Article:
Philipp Maximilian Opiz

from Wikipedia, the free encyclopedia
Philipp Maximilian Opiz

Philipp Maximilian Opiz , also Filip , (born June 5, 1787 in Czaslau ; † May 20, 1858 in Prague ) was a kk Austrian forestry office conceiver and taxonomist who did some research on botany in Bohemia . Its official botanical author's abbreviation is " Opiz ".


Philipp Maximilian Opiz (Opitz) was a brother of the graphic artist Georg Emanuel Opiz (Opitz) (* 1775 in Prague, died 1841 in Leipzig), sons of the writer and scholar Johann Ferdinand Opitz (* 1741 in Prague, died 1812 in Czaslau).

Civil servant career

From 1805 Philipp Maximilian Opiz was a tax official in Czaslau, in 1808 he was transferred to Pardubice and in 1814 to Prague. There from 1831 he worked as a forestry concipist. In Prague he studied philosophy, mineralogy and agriculture at the Polytechnic, and he also learned French and Latin.

Work as a botanist

Throughout his life, Opiz deliberately occupied himself with botany, created valuable plant collections and wrote scientific studies and treatises. From 1818 he worked on a summary of the topography of Bohemia, and in 1819 founded a plant, seed and insect exchange institute. His life's work is one of the most important foundations for the development of botany in Bohemia. He was a member of numerous clubs.

At the age of 13 he wrote a "Calendarium Florae Caslaviensis", which contains the location, flowering time and description of the wild plants around Czaslau and its immediate vicinity. 1802-1804 followed a series of botanical essays in the "Treatises of the Bohemian Economic Society" in Prague. By traveling within his closer home area and the Giant Mountains he got to know the flora of Bohemia thoroughly and made a significant contribution from 1809 to 1812 for the work published by Johann Baptist Emanuel Pohl : "Tentamen florae Bohemiae".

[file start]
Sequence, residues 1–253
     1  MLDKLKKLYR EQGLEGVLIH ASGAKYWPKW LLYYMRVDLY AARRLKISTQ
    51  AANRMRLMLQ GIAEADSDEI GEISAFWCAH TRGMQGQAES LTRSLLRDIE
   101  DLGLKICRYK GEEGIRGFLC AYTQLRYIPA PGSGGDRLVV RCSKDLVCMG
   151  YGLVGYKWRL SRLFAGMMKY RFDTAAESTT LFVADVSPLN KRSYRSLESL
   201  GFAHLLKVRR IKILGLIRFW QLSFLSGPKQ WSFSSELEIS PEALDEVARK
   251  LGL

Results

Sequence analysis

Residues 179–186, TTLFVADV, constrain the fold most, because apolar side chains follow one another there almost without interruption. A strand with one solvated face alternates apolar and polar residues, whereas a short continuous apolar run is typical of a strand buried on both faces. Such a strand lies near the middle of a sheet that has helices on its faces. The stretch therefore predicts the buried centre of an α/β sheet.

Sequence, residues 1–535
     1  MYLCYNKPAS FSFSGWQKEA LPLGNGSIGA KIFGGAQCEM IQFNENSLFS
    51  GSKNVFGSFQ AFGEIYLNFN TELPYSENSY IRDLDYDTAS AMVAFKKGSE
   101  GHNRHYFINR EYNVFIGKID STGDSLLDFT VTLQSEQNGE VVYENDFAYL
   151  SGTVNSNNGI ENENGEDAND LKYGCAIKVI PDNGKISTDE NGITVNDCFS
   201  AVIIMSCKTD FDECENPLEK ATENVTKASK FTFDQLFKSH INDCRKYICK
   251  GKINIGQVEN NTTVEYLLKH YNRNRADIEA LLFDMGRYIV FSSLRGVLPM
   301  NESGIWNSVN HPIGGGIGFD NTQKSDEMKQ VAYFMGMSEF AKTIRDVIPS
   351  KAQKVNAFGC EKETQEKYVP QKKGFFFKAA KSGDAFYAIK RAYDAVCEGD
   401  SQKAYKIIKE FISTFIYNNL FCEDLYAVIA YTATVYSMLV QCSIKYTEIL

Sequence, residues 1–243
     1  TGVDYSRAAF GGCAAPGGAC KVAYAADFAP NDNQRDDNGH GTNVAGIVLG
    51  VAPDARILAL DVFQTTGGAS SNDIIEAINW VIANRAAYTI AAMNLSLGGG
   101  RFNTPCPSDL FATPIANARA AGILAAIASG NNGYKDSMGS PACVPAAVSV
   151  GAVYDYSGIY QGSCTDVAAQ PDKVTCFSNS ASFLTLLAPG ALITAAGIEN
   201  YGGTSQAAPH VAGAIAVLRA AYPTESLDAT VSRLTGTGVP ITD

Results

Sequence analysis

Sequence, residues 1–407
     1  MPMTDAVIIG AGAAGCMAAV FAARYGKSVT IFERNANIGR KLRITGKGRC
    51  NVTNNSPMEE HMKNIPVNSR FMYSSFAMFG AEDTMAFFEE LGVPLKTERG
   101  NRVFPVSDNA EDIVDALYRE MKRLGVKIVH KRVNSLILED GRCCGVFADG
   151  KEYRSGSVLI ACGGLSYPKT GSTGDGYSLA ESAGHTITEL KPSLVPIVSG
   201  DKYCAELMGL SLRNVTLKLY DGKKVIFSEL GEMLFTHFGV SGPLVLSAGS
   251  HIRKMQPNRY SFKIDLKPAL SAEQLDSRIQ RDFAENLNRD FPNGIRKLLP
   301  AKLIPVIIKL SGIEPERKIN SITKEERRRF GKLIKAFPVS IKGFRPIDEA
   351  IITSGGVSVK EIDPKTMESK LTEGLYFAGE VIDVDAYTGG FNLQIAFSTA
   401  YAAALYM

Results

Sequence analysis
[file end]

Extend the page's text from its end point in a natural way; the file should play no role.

In the journals "Hesperus", the "Oekonomischen Nachrichten", later also in "Isis", "Liebich's Forstmann" etc., over 25 shorter or longer essays appeared in the period from 1811 to 1813, the number of his articles in the journals mentioned exceeds 400 contributions until his death.

From 1810 he published an agricultural herbarium for decades . In 1819 he founded an international exchange association for dried plants, plant seeds and insects and ran the association for more than 40 years until the end of his life.

His name has not only been preserved in the designation of numerous plant species, but also a genus from the sweet grass family (Poaceae), from Haenke 's collection, named Opizia by monograph Karl Bořiwog Presl .

Works (selection)

  • Germany's cryptogamic plants classified according to their natural habitats, 1816
  • Böheim's phanerogamic and cryptogamic plants, 1823
  • In what way would the truth be to achieve the highest goal of botany? 1829
  • Saznam rostlin kveteny ceske (Directory of Bohemian Flora), 1852,
  • Nomenclator botanicus (Ms. National Museum Prague)


Individual evidence

  1. Lotte Burkhardt: Directory of eponymous plant names - Extended Edition. Part I and II. Botanic Garden and Botanical Museum Berlin , Freie Universität Berlin , Berlin 2018, ISBN 978-3-946292-26-5 doi: 10.3372 / epolist2018 .